Study compares the Milky Way to similar galaxies
This image, taken from a visualization created by the Advanced Visualization Laboratory at the National Center for Supercomputing Applications (NCSA), shows the formation of the Milky Way galaxy at 16 million to 13.7 billion years old. (National Center fo
What can the Milky Way teach us about the formation of the universe? Quite a bit it appears.
Seeking out galaxies similar to the Milky Way in terms of luminosity and distance to other bright galaxies, scientists discovered that only four percent of other galaxies resemble the Milky Way.
Using images from the Sloan Digital Sky Survey (SDSS), astrophysicist Risa Wechsler and her team at Stanford University studied over 20,000 galaxies similar to the Milky Way and the galaxies near them to develop a sort of "census" of the galaxies.
The scientists sought out galaxies that have celestial satellites similar to the Large and Small Magellanic Clouds. The clouds are actually dwarf galaxies that orbit the Milky Way, and other groupings like this one are “unusual” in the universe, according to Wechsler.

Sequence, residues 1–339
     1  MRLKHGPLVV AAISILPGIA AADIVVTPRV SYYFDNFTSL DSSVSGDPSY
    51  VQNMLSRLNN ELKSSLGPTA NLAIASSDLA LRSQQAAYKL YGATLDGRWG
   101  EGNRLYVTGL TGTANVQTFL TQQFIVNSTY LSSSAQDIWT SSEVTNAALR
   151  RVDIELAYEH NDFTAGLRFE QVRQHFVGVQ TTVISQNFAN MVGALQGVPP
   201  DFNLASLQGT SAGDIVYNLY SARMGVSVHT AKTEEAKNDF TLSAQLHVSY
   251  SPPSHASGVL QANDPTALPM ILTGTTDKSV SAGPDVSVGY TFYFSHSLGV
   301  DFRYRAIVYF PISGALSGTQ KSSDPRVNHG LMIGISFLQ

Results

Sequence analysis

"We are interested in how the Milky Way fits into the broader context of the universe", said Wechsler. "This research helps us understand whether our galaxy is typical or not, and may provide clues to its formation history."
In addition to looking at images from the SDSS, Wechsler and her group compared the images to computer simulations that recreated the universe under different sets of conditions. This research helped determine how theories of the universe’s formation match how the universe currently looks.
"Comparing the 'fake' and 'real' universes is how we discriminate between successful and unsuccessful theories," said Neil Sharp of the National Science Foundation’s Division of Astronomical Studies. Sharp was not involved in the research.
The findings lend support to the theory of galaxy formation called the Cold Dark Matter theory. The theory assumes that unobservable (dark) electromagnetic radiation whose particles move slowly (cold) influence the distribution of galaxies in space as well as the expansion of the universe.
"Future surveys will allow us to extend this study to even dimmer satellite galaxies, to build a full picture of the formation of our galaxy," said Wechsler.
The findings were published in the May 20 issue of Astrophysical Journal.
On the Web: How Common are the Magellanic Clouds?